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 Isabel Harris “Belle” Bennett

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Isabel Harris “Belle” Bennett

Birth
Foxtown, Jackson County, Kentucky, USA
Death
20 Jul 1922 (aged 69)
Richmond, Madison County, Kentucky, USA
Burial
Richmond, Madison County, Kentucky, USA
Plot
Section E, Lot 29
Memorial ID
73300391 View Source

1880 U.S. Census
Bell Bennett
1854 Birth Kentucky, United States
1880 Residence Foxtown, Madison, Kentucky
1880 Age 26
Race White
Gender F
Township Foxtown
State Kentucky
Page 394
Ethnicity American
Father's Birthplace Kentucky, United States
Mother's Birthplace Kentucky, United States

Household
Self Samuel Bennett (age 75)
Wife Elizabeth Bennett (age 67)
Son William Bennett (age 44)
Daughter Susan Bennett (age 36)
Son Walter Bennett (age 30)
Daughter Bell Bennett (age 26)
Son Samuel Bennett (age 21)
Grandson Benjamin Bennett (age 14)
Granddaughter Lizzie Bennett (age 12)
Grandson Ned Bennett (age 7)
Granddaughter Annie Bennett (age 5)
Other Willis Howard (age 60)
Other Robert Woodcock (age 28)
Other Sally Woodcock (age 20)
Other Julia Woodcock
Other Joicy Karr (age 12)
Other Eliza Adams (age 18)


MISS BELLE BENNETT
by Fred Allen Engle
March 25, 1970
(Ref. Madison Heritage)
How many people know that Sue Bennett Memorial College at London, Kentuck y, is named for a Madison County lady? Not many I would guess. It was es tablished in 1892 by Miss Belle Harris Bennett in memory of her sister w ho had passed away before being able to complete her work in the mounta in area.

Miss Belle was born December 3, 1852 about six miles from Richmond on t he Lexington Pike. She joined the Providence Church near her home and so on became involved deeply in the work of the Methodist Episcopal Church, S outh. She was instrumental in the establishment of the Scarritt Bible a nd Training School of Kansas City and Nashville and a memorial building w as built in Nashville and named for her.

In 1896 she became president of the new Parsonage and Home Missionary Soci ety where she worked for the formation of Wesley Community Houses and Beth lehem Houses. She also led the movement which resulted in the foundati on of Paine College in Augusta, Georgia, a school for Negro girls. Upon t he request of the pastor, Rev. A.W. Jackson, she taught for three yea rs a bible class every Sunday afternoon at the St. Paul's African Methodi st Episcopal Church in Richmond the attendance ranging up to 500 peopl e. She lent the church $2000 with no interest and no maturity date.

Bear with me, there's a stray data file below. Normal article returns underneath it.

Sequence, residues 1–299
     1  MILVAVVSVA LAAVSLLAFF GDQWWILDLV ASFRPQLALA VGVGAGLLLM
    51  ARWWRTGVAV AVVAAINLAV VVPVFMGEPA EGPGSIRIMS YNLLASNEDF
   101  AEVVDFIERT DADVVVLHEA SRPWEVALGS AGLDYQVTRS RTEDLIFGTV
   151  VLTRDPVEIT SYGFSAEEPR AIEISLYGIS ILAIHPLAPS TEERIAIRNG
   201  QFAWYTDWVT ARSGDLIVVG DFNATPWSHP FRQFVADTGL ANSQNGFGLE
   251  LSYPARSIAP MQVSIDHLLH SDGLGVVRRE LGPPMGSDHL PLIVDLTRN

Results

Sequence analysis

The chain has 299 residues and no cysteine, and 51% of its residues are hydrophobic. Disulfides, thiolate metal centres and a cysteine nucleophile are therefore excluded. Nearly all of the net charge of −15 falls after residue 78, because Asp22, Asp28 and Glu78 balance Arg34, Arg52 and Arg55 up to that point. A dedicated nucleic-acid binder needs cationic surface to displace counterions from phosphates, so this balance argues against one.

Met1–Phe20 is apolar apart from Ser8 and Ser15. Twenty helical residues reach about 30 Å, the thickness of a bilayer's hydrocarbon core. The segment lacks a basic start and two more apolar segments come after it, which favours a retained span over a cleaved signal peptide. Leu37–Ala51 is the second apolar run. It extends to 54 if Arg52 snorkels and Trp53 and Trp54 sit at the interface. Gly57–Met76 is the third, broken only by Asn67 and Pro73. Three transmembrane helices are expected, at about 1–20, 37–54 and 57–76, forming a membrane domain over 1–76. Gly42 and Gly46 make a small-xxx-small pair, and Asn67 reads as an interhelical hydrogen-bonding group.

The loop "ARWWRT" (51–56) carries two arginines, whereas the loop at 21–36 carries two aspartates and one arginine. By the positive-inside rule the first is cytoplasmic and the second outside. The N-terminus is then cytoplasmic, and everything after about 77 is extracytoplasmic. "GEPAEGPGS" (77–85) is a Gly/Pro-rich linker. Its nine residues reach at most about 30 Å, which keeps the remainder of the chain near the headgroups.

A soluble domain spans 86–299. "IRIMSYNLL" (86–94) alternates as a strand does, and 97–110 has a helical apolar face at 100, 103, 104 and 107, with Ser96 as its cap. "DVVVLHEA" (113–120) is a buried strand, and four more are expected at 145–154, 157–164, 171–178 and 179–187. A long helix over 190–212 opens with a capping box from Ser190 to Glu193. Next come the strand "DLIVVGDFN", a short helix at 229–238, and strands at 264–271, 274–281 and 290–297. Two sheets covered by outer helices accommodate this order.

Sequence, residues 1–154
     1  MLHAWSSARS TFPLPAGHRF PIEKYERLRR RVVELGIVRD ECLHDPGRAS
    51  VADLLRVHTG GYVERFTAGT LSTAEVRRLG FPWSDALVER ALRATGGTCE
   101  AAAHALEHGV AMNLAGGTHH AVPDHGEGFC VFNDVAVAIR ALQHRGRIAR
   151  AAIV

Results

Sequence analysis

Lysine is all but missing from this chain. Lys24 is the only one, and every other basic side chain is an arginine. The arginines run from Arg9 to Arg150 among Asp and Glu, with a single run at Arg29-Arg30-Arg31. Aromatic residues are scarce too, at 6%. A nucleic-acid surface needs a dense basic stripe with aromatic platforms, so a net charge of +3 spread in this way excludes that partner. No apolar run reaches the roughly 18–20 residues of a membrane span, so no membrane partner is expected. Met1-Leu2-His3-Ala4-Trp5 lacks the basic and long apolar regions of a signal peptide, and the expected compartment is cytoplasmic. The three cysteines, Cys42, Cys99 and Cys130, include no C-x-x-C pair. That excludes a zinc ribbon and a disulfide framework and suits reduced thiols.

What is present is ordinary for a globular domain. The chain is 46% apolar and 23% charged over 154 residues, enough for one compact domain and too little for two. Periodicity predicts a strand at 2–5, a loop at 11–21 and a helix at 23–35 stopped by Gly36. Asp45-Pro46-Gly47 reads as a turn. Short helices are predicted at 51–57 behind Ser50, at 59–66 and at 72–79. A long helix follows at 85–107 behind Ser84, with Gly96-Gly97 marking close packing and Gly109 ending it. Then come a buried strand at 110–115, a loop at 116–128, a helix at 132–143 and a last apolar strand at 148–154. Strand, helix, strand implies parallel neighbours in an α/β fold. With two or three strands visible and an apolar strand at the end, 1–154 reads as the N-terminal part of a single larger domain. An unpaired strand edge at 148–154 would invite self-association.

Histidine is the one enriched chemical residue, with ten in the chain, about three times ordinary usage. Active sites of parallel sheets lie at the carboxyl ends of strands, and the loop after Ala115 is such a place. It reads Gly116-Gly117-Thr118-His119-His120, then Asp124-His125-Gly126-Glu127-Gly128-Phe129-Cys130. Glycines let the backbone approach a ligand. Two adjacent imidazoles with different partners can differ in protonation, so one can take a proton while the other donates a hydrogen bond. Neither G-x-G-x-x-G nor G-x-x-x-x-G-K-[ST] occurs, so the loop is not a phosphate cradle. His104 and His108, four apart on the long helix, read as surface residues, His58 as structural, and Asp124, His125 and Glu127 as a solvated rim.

Along with County School Superintendent H.H. Brock she helped establish t he Madison County Colored Chautauqua in 1915, which organization was ab le to bring George Washington Carver and William E.B. DuBois to the count y. Rev. J.W. Cobb was secretary for the group.

In 1910 under a reorganization plan Miss Bennett became president of the W oman's Missionary Council of the Southern Methodist Church. She was the o nly woman on the joint board of the Northern & Southern Methodist in the ir mission centenary in 1919-24. She visited Europe in 1919 under the spo nsorship of the Methodist Church and in 1916 had received a Doctor of La ws Degree from Kentucky Wesleyan College. Her last fight led to the openi ng of additional doors to Methodist women in 1918 which resulted in her el ection as delegate to the General Conference in 1922. She was to ill to a ttend, however, and on July 21, 1922, Miss Bell died. For those who wi sh to know more about this woman there is an excellent biography of Miss B ennett in the Eastern library.